A Day at United. The name practically says it all. An album recorded in a single day. No rehearsals. No second takes. Just Mocky and friends. Some instruments. Some songs Mocky sketched in the week leading up. Oh yeah, and a recording studio. United Recording, in fact. The legendary independent studio, financed by Sinatra among others. A refuge for artists seeking more control. Or maybe ‘less interference’ is a better way to put it. Because this is not an album about control. It’s about putting certain conditions in place — creative limitations, even — then letting go. Letting the magic happen. Letting the human happen. In an age of computer-led precision, this is an album about the struggle for imperfection.
“I’ve always been inspired by the story of Miles recording Kind Of Blue,” says Mocky, “going into the studio with Coltrane and Bill Evans, bringing melodies jotted on scraps of paper, and making an album in real-time.” Other precedents come to mind, as well. The Art Blakey model, for example. Drummer as composer -bandleader. Not that Mocky, who led the session from his drum kit, compares himself to the jazz greats. He doesn’t even call himself a jazz musician (any more than he calls himself an electronic musician or whatever else). If this is his ‘jazz album’, it’s because of the process that yielded it. There are no solos here — none of that jazz. Think of this as jazz composition.
The process began with a recording date: “I was like, wow, we can get the studio in 10 days? The same studio Sinatra recorded in and the same room where Ray Charles recorded the epoch defining 'I can’t stop loving you'? Ok, let’s see who can make it. So I started calling around. And when someone like Miguel [Atwood-Ferguson] confirmed, I could start writing melodies that reflected, say, his lyrical way of playing.” Mocky composed the songs in his head, mostly while strolling Lulu, his newborn, around Silver Lake. And to ensure a 'classic' quality of the record, Mocky got together with the legendary producer Justin Stanley (Prince, Beck Leonhard Cohen, Paul McCartney) who ended up recording and co-producing the album. Mocky finally ‘heard’ the songs the same time the others did. “When everyone was in position, the charts in front them, the sticks in my hand, it was the first time I actually considered what I was about to do on drums. It was free-styling. Hearing the songs as they were being recorded. Complete real-time.”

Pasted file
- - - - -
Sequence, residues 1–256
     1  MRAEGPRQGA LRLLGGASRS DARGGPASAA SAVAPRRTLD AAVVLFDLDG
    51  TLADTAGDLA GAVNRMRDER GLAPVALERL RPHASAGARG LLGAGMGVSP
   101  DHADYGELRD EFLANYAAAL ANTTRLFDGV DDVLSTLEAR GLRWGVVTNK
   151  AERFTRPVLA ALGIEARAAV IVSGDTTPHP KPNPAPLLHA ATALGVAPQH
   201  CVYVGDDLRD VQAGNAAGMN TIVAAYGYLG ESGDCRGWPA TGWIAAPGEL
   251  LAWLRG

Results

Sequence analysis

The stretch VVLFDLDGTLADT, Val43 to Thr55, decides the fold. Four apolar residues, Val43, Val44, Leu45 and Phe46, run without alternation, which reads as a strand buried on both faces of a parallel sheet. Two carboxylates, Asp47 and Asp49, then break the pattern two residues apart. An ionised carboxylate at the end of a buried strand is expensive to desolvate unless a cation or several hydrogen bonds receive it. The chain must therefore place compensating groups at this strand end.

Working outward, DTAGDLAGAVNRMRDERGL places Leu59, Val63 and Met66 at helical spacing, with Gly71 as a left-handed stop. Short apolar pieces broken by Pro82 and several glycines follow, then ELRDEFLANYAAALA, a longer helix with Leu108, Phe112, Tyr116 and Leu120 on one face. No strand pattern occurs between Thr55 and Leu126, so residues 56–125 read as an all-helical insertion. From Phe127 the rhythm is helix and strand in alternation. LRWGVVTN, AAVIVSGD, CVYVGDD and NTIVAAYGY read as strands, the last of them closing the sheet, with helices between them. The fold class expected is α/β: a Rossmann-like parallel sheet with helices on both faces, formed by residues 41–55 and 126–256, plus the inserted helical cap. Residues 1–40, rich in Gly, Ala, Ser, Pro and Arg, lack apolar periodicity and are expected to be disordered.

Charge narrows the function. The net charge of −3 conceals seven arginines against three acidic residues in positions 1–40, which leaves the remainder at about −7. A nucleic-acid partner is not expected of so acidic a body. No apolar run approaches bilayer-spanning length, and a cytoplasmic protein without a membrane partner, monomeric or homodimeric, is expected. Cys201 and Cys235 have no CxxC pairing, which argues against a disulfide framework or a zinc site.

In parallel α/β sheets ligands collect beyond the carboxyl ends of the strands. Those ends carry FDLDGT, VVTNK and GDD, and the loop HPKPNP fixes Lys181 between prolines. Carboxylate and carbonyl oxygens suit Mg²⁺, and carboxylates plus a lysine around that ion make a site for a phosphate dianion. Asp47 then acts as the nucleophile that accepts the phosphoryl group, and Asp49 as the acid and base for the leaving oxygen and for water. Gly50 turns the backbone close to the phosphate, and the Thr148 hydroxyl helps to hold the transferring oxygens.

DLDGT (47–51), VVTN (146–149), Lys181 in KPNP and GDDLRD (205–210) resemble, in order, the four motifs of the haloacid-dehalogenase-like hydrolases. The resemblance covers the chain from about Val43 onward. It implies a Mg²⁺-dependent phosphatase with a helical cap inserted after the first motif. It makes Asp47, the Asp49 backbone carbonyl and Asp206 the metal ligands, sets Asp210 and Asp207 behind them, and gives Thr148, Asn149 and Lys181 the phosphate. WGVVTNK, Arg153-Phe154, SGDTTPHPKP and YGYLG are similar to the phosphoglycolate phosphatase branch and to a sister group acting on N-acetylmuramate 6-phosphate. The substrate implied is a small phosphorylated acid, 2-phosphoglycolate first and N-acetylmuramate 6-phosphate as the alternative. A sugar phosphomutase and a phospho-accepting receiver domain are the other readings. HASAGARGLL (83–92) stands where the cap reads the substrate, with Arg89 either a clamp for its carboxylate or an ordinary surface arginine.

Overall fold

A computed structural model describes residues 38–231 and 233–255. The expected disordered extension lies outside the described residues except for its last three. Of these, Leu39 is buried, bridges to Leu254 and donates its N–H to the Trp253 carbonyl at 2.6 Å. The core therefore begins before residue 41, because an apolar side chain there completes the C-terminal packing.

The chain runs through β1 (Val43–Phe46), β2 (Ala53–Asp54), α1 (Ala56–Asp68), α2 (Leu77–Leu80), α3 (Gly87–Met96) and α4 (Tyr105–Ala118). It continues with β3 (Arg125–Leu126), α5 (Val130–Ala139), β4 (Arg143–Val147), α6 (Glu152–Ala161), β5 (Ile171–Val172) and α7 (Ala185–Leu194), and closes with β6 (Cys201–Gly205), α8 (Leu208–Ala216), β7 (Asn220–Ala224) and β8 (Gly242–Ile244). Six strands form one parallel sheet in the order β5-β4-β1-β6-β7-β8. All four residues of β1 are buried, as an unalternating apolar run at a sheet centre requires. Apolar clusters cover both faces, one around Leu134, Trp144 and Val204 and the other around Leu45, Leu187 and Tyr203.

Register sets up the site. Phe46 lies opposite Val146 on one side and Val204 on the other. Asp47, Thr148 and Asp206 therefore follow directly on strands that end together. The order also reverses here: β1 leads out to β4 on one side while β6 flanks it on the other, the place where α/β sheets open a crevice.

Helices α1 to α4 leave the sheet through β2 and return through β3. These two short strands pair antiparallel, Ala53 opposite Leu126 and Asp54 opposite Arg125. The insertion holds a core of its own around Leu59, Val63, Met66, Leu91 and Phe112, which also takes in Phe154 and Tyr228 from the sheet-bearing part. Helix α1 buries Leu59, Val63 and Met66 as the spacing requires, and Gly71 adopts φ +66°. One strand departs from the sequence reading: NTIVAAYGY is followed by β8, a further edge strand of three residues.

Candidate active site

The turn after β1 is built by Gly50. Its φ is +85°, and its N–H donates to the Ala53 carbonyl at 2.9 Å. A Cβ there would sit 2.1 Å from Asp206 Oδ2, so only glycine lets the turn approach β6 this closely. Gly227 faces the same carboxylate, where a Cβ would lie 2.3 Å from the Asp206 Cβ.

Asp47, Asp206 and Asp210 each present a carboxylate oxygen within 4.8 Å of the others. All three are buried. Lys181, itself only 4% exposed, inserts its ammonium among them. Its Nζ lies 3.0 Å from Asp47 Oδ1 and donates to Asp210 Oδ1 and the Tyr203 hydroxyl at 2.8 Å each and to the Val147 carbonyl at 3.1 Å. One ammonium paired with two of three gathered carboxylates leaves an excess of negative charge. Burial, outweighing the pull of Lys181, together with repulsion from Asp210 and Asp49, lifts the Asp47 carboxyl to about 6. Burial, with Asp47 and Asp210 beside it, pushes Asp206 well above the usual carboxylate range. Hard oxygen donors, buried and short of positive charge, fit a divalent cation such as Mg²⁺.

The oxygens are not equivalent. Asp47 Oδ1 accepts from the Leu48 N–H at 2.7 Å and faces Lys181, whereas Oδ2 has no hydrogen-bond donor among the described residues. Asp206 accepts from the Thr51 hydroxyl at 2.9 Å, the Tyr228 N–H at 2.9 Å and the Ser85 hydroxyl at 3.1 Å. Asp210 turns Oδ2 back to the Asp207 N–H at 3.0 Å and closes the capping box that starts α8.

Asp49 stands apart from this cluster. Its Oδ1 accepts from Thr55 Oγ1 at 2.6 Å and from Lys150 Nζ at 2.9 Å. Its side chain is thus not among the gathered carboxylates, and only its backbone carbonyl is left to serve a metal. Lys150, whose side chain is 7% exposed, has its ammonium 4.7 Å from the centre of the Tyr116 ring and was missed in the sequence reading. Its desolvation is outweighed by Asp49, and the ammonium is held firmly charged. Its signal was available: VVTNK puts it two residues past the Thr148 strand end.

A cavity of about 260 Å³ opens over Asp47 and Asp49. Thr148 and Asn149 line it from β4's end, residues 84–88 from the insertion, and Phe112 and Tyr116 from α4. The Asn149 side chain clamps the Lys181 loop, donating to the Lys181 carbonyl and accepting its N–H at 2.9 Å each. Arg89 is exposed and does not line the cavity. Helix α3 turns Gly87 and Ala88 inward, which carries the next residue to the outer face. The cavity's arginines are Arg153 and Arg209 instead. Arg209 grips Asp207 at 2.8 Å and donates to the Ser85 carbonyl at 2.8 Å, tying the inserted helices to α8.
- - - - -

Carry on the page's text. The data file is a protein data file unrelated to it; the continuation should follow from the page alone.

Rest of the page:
Looking back on the origin of the album, Mocky sees it as an extension of his free-flowing Mocky and Friends nights. Picture a revolving cast of collaborators and co-creators, convening on the rooftop of the Ace Hotel in downtown LA, making music in the moment. “I wanted to attain a level of intention that was different from anything I had done on an album before,” Mocky says. “Rather than playing all the instruments, I just drummed and let the ideas filter through this group of artists in real-time. If you multi-track or edit, the intention becomes a conceptual thing, considered and refined. At United, it was about this creative urgency. For me, it was waking up one day and, at the end of it, having an album done. It seemed like such a preposterous idea. Until I just did it.”